Some studies reported that the mother’s socioeconomic status and oral health awareness have effect on the oral health of children. Oral health awareness during childhood influences oral health over one’s lifetime, and thus, good oral habits should be encouraged in childhood. Considering the important role of the mother in achieving this goal, the joint participation of mothers and children in oral health education programs is essential. However, the studies conducted in Korea to date have been limited to some geographical areas, which limits the evaluation of the association between early childhood caries and the socioeconomic status of the mother1,6,14,18-20). Therefore, this study used representative data to assess the prevalence of early childhood caries in 5-year-old children according to the socioeconomic characteristics and oral health behaviors of the mothers and to provide reference data needed for improving the oral health education of mothers of preschool children and implementing policies for enhancing the oral health of children.

Materials and Methods

1. Subjects

The present study used data from the Korean National Health and Nutrition Examination Survey (KNHANES) collected from 2007 to 2014. These complex sample survey data were obtained using a stratified cluster sampling strategy, and the enumeration districts in the population and housing census were used as the sampling frame; this strategy allowed the calculation of statistical data at the national level. KNHANES data included a health questionnaire, health examination, and nutrition survey. However, the present study used only data from the health questionnaire and oral examination survey. Because the objective of the present study was to determine the association between early childhood caries in 5-year-old children and the socioeconomic characteristics and oral health behaviors of the mothers, 824 children among all 5-year-old children who completed the oral examination and health questionnaire were included in the analysis. The study was approved by the Institutional Review Board of our Institution (P01-201703-22-009).

2. Study variables

The dependent variable used in the analysis was the decayed, missing, and filled teeth (DMFT) index for primary teeth whereas the independent variables were selected by the characteristics of the children and mothers. The characteristics of the study children were sex, type of health insurance, performance of oral examination, and number of tooth brushings. The characteristics of the evaluated mothers were age, education level, income level, job status, performance of oral examination, number of tooth brushings, and subjective oral health status. These variables are shown in Table 1.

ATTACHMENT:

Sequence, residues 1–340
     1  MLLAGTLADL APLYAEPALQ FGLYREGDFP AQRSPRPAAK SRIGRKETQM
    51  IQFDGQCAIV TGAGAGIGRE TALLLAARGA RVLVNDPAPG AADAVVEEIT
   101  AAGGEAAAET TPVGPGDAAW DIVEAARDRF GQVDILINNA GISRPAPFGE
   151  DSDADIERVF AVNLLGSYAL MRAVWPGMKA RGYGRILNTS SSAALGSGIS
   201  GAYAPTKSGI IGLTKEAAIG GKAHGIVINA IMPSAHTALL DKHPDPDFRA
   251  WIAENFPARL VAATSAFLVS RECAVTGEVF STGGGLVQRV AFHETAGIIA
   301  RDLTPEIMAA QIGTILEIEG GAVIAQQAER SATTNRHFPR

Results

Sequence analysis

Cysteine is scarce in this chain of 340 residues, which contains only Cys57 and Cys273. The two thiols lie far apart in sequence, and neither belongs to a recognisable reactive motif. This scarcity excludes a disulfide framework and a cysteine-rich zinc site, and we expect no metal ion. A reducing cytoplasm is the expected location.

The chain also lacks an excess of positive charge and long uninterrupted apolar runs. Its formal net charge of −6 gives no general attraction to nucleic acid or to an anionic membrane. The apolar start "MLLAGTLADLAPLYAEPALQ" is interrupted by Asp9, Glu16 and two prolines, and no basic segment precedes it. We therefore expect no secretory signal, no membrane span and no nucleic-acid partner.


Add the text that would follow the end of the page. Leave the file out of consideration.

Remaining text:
Definition of Variables

Variable Description
Dependent variable Number of early childhood caries
Independent variable
 Sex Male=1, female=2
 Oral exam No=1, yes=2
 Tooth brushing None=1, 1 ~2 times=2, above 3 times=3
 Maternal age (y) 20=1, 30=2, 40=3
 Maternal educational level Below high school=1, above college=2
 Maternal income Lower=1, middle lower=2, middle higher=3, higher=4 
 Maternal job position Employee=1, employer=2, housekeeper=3
 Maternal oral exam No=1, yes=2
 Maternal tooth brushing None=1, 1 ~2 times=2, above 3 times=3
 Maternal subjective oral health  1 ~ 5 Likert scales


3. Analysis methods

Regression analysis was used to identify the influencing factors of early childhood caries. Fig. 1 shows the distribution of the number of carious primary teeth, which was the dependent variable used in the analysis. The dependent variable deviated from normal and showed a long-tail distribution to the right, and thus, exponentially transformed values of the dmft index for primary teeth were used. For the identification of the influencing factors of the dmft index, an analysis was conducted using multiple linear regression separately for the characteristics of the children and mothers. STATA software version 14.0 (Stata Corp, College Station, TX, USA) was used in all analyses, and the significance level was set to 0.05.

Fig. 1.

Distribution of number of early childhood caries.


Results

1. General characteristics of children and mothers

The general characteristics of the children and mothers included in the study are shown in Table 2. The evaluated children included 446 boys (54.13%) and 378 girls (45.87%). A total of 411 children (53.10%) received an oral examination. One to two tooth brushings per day was the most common, corresponding to 61.65% of the total sample. The age distribution of the mothers was 30∼39 years (79.25%), 40∼49 years (15.17%), and 20∼29 years (5.58%). With regard to the education level, college or higher education levels were the most common, corresponding to 53.83% of the total sample.